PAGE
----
The blog is about what probably happens in cities around the country with corporate passengers. As I arrived in the baggage claim area of Dulles International Airport recently, I began searching for a chauffeur holding a sign with my name on it. In my new position as the marketing manager of an industry vendor, I travel quite a bit and see the world from the passenger point of view. There was no one holding a sign with my name. I decided to venture out to the curb believing my chauffeur might be sitting at the curb. Nope, not there!
The temperature was 82 degrees so I retreated back inside to wait near baggage claim. I went through my emails to find the assigned company name and number. I called them and got the automated greeting with the familiar prompts of, Press #1 for this and #2 for that. Once I pressed a button, someone answered and said, “Let me transfer you to dispatch.” These few minutes only made the situation worse as I had a 5:30 p.m. meeting and it was about 4 p.m. I was told to “stay put” and someone would come get me.
I was soon escorted to a nasty, beat up Town Car with scratches in the paint and two packs of cigarettes on the passenger seat next to the driver’s seat. The driver opened my door for me to slide into the backseat while he loaded my luggage. The car was blistering hot and smelled of cigarettes. I couldn’t wait for him to turn the car on and kick the A/C on.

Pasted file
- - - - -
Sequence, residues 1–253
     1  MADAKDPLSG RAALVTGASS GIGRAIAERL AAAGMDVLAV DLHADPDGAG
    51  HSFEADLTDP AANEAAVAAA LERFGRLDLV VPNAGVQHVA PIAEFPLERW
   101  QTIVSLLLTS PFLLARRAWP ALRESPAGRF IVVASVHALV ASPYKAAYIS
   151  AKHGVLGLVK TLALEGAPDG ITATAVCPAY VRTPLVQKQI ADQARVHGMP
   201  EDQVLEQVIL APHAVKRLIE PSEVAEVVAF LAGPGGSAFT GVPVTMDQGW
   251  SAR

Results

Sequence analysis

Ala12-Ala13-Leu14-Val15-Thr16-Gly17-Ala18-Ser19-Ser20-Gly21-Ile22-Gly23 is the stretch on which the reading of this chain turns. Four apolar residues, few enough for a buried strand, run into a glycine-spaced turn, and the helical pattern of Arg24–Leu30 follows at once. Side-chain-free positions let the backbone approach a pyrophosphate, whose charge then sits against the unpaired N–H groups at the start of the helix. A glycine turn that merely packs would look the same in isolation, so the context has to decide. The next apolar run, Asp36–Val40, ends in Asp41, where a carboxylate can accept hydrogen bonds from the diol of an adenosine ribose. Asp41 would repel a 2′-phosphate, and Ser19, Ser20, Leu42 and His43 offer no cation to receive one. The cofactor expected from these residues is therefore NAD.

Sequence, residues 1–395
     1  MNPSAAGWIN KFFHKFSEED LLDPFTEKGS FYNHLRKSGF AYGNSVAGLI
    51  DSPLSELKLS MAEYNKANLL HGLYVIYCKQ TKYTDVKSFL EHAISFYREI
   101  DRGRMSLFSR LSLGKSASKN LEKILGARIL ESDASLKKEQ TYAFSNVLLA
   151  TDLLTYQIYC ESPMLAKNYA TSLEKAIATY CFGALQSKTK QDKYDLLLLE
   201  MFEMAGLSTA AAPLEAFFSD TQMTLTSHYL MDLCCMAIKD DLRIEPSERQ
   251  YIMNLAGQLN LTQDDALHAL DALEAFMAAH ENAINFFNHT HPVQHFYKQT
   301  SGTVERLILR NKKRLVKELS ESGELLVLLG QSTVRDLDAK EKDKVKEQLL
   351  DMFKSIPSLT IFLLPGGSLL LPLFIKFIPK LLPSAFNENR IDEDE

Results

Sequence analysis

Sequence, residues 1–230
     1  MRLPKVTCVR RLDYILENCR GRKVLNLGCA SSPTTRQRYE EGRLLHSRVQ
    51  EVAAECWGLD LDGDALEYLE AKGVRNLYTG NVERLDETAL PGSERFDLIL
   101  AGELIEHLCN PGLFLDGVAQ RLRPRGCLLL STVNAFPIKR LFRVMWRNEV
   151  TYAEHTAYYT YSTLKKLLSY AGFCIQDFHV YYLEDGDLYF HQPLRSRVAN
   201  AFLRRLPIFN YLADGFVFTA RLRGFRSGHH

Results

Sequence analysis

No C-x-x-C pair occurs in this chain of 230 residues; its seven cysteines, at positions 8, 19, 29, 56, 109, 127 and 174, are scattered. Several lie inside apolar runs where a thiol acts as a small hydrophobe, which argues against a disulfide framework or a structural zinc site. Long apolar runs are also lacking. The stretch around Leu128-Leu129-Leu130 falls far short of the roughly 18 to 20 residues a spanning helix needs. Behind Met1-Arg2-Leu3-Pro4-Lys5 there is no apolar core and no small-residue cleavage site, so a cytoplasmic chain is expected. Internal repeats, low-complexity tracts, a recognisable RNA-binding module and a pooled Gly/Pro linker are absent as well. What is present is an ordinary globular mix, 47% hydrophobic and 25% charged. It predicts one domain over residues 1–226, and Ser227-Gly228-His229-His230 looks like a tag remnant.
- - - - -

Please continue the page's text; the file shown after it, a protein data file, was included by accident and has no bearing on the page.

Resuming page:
The ride to the hotel was filled with comments from my driver about religion having nothing to do with terrorism. He pointed out that he was Middle Eastern so he knows about these things. What a great ride! I really couldn’t wait to get out of the car. While I could have asked him to wait for a few minutes while I checked in and dropped off my bags, I released him and took a taxi to the meeting instead. I felt safer.
Needless to say, I booked a different service to take me to the airport.
Series: How to handle difficult run-ins with law enforcement over a limousine.
Driving Gem: Plenty of things unrelated to phones can result in accidents.
Driving Gem: Lifting and handling luggage is never good for the back.
See how I talked my way out of this common nuisance for waiting chauffeurs.
In my face off between a chauffeur in a stretch and a restaurant security guard, who wins when the police show up?